Photographed by Zack Clothier

Outside: Lighty-Dark

To the west, above Sheep Mountain, silver-lined clouds disappear into the alpenglow of the setting sun. Bands of pink settle on the ridgetop across the valley as the summer light slowly fades through the lens of an old jackleg fence on the rise. I watch the blue-green of the tamaracks darken to ebony, the distinct clusters of their pine needles no longer visible. From a distance, the mountainside loses its edge and settles peacefully into the curve of a sleeping brontosaurus.   

Curlews forage for beetles in the open meadow, occasionally calling ur weep-ur weep, while a kestrel hovers low over sun-bleached sagebrush and bunchgrass, kiting for voles and grasshoppers before returning to nest in the large, rough-hewn bird box at the front gate. Bitterroot and pasque flowers gently tuck in their lovely petals as the ponderosa pines across the meadow open their boughs wide — releasing their sun shadows, awaiting their moon shadows. A black-chinned hummingbird daintily sips a few more drops of sugar water before flitting away to its thimble-sized nest in a nearby lilac bush. The evening plays out like the final notes of Brahms’ Lullaby.

In June, leading up to the summer solstice, daylight lingers in western Montana until almost 11 p.m. Nature uses the waning hours to take a collective deep breath, to slowly let go of the day’s tension and relax into the evening before night falls. The French call it l’heure bleue

Of the thousands of place names described in English author Robert Macfarlane’s best-selling book, Landmarks, which explores the vital connection of language to landscape, there is one word that resonates most with me: “‘lighty-dark,’ a word to describe the light occurring at the edge of darkness.” 

Macfarlane discovered the word shortly after his book was published in the spring of 2015. In a posted note, a Mrs. Margaret Cockcroft, aged 96, wrote that she had created the word “lighty-dark” when she was 11 years old while walking home in the countryside at dusk. Macfarlane was so charmed with both the word and Mrs. Cockcroft that he included lighty-dark in a later edition of his book.

Though worlds apart in both time and distance — I live on the bank of the Blackfoot River in Montana, and Mrs. Cockcroft lived in Lancashire, England in 1930 — we are kindred spirits. I, too, revel in the lighty-dark, my evening walks timed precisely to experience those fleeting mystical moments of light that all too quickly fade to darkness.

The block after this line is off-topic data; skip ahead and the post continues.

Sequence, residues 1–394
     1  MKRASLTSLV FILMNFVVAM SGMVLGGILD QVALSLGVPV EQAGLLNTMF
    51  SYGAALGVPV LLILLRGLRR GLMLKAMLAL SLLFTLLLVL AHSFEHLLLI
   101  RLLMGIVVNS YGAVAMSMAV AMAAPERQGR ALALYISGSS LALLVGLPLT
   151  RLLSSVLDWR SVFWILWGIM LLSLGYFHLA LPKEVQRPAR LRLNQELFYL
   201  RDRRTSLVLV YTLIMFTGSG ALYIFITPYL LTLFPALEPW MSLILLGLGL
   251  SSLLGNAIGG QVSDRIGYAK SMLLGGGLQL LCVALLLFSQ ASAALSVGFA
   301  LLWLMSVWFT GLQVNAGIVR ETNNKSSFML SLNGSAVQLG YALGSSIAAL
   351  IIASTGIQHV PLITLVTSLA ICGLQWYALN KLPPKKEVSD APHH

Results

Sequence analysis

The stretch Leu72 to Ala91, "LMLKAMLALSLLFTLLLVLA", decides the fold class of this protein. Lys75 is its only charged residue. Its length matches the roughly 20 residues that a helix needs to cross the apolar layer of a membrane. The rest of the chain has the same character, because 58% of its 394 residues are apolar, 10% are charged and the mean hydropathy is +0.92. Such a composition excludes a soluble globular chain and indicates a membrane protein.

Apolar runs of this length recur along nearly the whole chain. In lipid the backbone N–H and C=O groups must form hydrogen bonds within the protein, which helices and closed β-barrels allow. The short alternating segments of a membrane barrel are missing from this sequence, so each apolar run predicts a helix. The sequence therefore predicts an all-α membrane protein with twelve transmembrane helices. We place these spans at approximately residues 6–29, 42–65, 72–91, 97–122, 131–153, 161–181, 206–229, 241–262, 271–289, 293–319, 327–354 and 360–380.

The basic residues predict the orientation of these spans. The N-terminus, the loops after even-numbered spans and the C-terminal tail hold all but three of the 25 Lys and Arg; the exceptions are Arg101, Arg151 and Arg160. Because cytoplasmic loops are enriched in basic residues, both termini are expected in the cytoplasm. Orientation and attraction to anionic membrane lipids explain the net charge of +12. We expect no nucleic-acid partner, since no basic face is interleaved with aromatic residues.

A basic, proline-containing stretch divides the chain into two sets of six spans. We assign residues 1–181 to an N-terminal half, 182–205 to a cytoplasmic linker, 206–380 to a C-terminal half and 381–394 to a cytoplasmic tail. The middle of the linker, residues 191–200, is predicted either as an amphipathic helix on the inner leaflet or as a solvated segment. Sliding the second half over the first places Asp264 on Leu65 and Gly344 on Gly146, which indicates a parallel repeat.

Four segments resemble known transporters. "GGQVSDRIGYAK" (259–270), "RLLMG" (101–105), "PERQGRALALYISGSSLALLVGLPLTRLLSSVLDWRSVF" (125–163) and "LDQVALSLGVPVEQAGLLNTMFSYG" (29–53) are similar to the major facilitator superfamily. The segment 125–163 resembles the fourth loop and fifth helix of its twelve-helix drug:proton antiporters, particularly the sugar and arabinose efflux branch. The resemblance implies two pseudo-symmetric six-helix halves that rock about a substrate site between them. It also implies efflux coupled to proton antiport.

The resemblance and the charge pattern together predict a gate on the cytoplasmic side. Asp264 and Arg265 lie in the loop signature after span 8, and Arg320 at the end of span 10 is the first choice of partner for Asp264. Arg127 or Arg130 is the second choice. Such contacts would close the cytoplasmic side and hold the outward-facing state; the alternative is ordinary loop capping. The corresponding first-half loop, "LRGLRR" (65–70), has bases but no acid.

I first experienced lighty-dark as a small child during overnight stays at my family’s ramshackle homesteader’s cabin near Belmont Creek, a small tributary that joins the Blackfoot River as it flows west from the Continental Divide. My aunt and uncle seldom accompanied us, leaving my two teenage cousins as my sole protectors. Terrified to be left alone at dusk, amidst the crumbling horsehair chinking and patter of small feet scurrying across the worn pine floorboards, I would follow along to burn the day’s trash in an old rusty incinerator 300 yards beyond the cabin. So scared that I was barely able to breathe, I would clasp my small fingers in my 15-year-old cousin’s hand as we walked up the narrow path leading to the grim, gaping-mouthed firebox. I can still remember the feel of my heart pounding, like the beat of a primeval drum, keeping rhythm with our quickening steps and the crunch of the gravel beneath my boots. 

My cousins would whisper among themselves: “See that second stand of ponderosa pines way across the valley, just after the clearing? Locals call it the ‘second woods.’ Our neighbor, Mr. Kite, said we’re never to go there once the sun goes down. It’s not safe — especially if you see lights shining through the trees. He says the lights mean there are bad people in the bottoms, playing cards and drinking whiskey. That the trunks of the trees are twisted, and you won’t ever find your way out.”

More afraid than ever of the night sounds and the thought of boogeymen in the woods, I was convinced there were surely wraiths flying just above our heads. To protect myself, I tightened my grip and kept my eyes shut, except for an occasional peek at the night sky. 

Eventually, as I grew older and more confident in the natural world, I lost my fear of being outside at dusk. But memories often bring me back to the weekends I spent with my cousins, and the early awareness of my own insignificance as I glanced up at a dazzling night sky illuminated by billions of tiny points of light. 

These days, I seek out the lighty-dark like a hawk moth hovering against a windowpane, drawn to the amber glow reflected from within. I’m comfortable being alone in the slow drawl of a summer night, awaiting the arrival of the nocturnal creatures who are just beginning to stir.

Little brown bats, Myotis lucifugus, are the harbingers of night in our valley. In the last moments of waning light, the elusive furballs dart in succession — one, two, three — from under the eaves of our house and up from the sheltered outcropping and crevices in the cliffs on the opposite side of the river. I lose count at 47 — brown hobgoblins hurling themselves like buckshot into the night air, scattering in all directions in pursuit of mosquitos, beetles, and other flying insects. 

Mere minutes after the bats take flight, lighty-dark fades to dark, like the drop of a velvet curtain after the final act, and night begins on the banks of the Big Blackfoot River.

Deborah Houlihan O’Connell is a freelance writer whose essays and poetry are inspired by our inherent connection to nature and the wildlife and landscape that surrounds us. She lives with her husband, Jerry, and dog, Burnfoot, on the banks of the Blackfoot River in western Montana. When she isn’t writing, she is out walking in the wilderness.

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